101 – Champagne basics

Let’s start right at the beginning.

This article will answer the champagne basics, the information you’ve always wanted to know, but haven’t been game to ask.

In a world where champagne can often be drowned in snobbery and pretentious nonsense, it can be incredibly awkward to admit you don’t know what ‘Grand Cru’ means.  A description of ‘Grand Cru’ and other basic terms is outlined below.

If you want a deeper understanding of how champagne is made, and some of the more in-depth terms, click here.

Blanc de Blancs

Literally ‘white from white’. White champagne made exclusively from white grapes, usually chardonnay.

Blanc de Noirs

Literally ‘white from black’. White champagne made exclusively from the dark-skinned grapes pinot noir and/or meunier. This is achieved by gentle pressing, removing the juice from the skins before any colour leaches out.

Chef de Cave

The ‘chief ’ or ‘chef ’ in the cellar (champagne winemaker).

Brut/Extra Brut

Brut means raw/dry, containing less than 12g/L sugar (formerly less than 15g/L sugar – champagne is becoming pleasingly drier!). 12g/L of sugar is equivalent to less than a teaspoon in a cup of coffee. Extra Brut has even less sugar (less than 6g/L).

Cuvée

The first 2,050 litres of juice from a 4,000-kilogram press.  This is the best bit of the juice.  The term also refers to an individual blend or style, and this is its most common use on labels.

Sec, Demi-Sec

Sec = Dry, though ironically it’s sweeter than brut, with between 17 and 32g/L of sugar. We’re up to two teaspoons of sugar in your cup of coffee now!
Demi-sec = Medium Dry (sweeter). 32-50g/L of sugar. If you drink your coffee with 3 or 4 teaspoons of sugar, this could be the champagne for you.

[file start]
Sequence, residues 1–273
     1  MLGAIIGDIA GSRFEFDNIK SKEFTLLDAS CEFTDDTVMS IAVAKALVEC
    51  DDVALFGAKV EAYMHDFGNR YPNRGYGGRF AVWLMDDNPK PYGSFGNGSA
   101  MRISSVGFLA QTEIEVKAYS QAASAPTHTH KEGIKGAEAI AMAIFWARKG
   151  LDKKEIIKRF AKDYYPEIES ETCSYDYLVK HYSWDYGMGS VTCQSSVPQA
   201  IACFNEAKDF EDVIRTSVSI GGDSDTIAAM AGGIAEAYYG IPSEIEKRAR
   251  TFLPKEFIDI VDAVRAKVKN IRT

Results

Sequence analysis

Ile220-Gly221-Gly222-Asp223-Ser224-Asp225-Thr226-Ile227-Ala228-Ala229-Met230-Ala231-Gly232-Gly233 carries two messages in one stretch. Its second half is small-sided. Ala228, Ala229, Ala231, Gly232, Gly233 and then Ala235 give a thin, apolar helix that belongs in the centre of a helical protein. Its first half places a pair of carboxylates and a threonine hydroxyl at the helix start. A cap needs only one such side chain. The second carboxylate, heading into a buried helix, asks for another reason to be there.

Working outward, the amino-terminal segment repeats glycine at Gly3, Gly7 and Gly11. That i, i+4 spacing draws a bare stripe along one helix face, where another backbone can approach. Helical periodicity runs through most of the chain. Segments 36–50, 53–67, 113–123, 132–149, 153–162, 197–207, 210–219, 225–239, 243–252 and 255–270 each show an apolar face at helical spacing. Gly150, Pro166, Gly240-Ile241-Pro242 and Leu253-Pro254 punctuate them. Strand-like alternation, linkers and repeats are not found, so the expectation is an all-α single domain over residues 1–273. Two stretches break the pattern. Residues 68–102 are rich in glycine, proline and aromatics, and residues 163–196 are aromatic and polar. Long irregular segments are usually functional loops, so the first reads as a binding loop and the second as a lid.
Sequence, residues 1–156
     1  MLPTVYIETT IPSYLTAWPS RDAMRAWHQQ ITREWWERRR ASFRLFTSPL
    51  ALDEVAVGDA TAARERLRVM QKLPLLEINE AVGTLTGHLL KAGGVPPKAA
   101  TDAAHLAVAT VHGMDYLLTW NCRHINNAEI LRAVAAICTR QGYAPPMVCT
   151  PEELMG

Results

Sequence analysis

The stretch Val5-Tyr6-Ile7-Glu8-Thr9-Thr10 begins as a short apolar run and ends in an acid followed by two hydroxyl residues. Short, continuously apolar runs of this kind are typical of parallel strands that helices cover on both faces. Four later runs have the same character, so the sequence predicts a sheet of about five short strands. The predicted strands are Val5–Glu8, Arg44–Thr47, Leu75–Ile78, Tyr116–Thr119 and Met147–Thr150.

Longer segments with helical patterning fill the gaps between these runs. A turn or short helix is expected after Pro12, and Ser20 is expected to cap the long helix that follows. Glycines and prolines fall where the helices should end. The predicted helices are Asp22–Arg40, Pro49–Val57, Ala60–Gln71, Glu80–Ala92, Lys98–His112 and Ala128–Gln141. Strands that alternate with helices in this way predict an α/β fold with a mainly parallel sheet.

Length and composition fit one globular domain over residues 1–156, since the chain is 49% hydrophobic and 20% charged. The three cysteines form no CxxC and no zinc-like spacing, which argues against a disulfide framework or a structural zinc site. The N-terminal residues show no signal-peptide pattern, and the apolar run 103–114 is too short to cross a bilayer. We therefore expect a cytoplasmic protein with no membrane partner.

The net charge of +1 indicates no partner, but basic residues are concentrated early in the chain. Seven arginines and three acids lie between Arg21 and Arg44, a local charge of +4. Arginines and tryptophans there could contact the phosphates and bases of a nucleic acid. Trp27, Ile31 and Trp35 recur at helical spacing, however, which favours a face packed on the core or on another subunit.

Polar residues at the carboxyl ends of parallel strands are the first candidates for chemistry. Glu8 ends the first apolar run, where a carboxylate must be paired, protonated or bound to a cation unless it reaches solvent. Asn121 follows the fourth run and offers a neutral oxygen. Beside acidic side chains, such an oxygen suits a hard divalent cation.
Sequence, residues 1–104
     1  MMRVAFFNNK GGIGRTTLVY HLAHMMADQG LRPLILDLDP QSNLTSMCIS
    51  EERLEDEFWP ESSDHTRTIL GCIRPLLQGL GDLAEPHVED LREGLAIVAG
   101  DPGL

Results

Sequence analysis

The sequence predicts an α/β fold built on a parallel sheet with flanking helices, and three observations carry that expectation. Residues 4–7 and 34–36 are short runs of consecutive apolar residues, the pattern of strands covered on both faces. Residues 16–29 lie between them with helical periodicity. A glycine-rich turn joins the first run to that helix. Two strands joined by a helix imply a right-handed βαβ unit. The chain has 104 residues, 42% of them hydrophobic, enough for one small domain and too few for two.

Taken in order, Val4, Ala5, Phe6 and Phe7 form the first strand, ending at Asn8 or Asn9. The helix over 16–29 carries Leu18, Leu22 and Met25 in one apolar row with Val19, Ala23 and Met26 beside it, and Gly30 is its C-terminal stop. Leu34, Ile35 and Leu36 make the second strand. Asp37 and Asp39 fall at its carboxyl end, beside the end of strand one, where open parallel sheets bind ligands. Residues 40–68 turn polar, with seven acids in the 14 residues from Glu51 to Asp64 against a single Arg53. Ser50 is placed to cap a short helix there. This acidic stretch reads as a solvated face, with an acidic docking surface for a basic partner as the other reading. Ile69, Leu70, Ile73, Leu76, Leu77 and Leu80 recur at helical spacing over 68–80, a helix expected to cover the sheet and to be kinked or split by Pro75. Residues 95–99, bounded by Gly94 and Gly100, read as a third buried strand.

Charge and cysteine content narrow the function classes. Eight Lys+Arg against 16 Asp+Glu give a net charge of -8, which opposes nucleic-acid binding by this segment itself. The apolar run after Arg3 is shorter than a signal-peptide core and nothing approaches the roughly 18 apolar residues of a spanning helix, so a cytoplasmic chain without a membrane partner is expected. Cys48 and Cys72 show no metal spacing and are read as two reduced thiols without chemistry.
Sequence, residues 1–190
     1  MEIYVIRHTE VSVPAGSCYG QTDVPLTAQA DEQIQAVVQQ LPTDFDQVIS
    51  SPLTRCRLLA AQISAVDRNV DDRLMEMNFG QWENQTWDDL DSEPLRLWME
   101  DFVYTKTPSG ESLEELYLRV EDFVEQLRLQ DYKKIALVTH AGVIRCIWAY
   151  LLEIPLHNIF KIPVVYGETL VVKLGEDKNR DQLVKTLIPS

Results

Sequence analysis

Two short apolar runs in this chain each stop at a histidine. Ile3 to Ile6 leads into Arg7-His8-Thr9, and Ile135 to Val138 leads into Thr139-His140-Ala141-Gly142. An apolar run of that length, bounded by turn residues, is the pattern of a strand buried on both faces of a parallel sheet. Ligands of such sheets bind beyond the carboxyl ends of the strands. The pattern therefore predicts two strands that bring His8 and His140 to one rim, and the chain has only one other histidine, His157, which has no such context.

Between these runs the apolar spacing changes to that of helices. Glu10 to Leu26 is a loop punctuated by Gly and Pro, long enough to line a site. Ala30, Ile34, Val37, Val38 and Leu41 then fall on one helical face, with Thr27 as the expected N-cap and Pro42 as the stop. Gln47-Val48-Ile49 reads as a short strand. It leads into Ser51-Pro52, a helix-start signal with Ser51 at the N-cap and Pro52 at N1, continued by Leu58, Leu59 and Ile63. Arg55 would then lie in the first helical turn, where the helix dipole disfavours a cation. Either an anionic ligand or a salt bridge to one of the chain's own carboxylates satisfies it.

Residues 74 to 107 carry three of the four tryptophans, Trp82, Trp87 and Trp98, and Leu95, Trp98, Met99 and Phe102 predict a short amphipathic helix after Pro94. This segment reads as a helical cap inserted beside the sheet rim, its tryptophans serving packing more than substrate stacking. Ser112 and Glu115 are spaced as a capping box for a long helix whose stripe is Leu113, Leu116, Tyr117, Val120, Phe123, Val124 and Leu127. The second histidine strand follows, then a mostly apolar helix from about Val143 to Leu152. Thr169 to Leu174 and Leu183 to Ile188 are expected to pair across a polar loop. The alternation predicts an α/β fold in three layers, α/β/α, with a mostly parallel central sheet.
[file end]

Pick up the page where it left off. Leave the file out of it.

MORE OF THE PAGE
Cru, Premier Cru, Grand Cru

This is Champagne’s antiquated vineyard classification system. The highest vineyard classification is Grand Cru. In Champagne, this classification is crudely applied to a village and all the vineyards within its bounds acquire the same classification. Seventeen villages are classified as Grand Cru. Premier cru is the next tier, with 41 villages. All other champagne villages are simply referred to as Crus. There are 320 in all.

Vintage

Wine from grapes picked in a single year.

Non-Vintage (NV)

A champagne containing wine from more than one vintage (year).

Rosé

A pink version of champagne.  It’s typically made by blending champagne with a small amount of local red wine.  Sometimes, the Chef de Cave will create the pink colour by allowing the skins of red grapes to leach their colour into the blend.  Why is rosé champagne so expensive? Find out here.

What’s next?

Now you know the basics – check out the way champagne is made.  Here, you will pick up some other terms to help you identify the type of champagne you enjoy the most.


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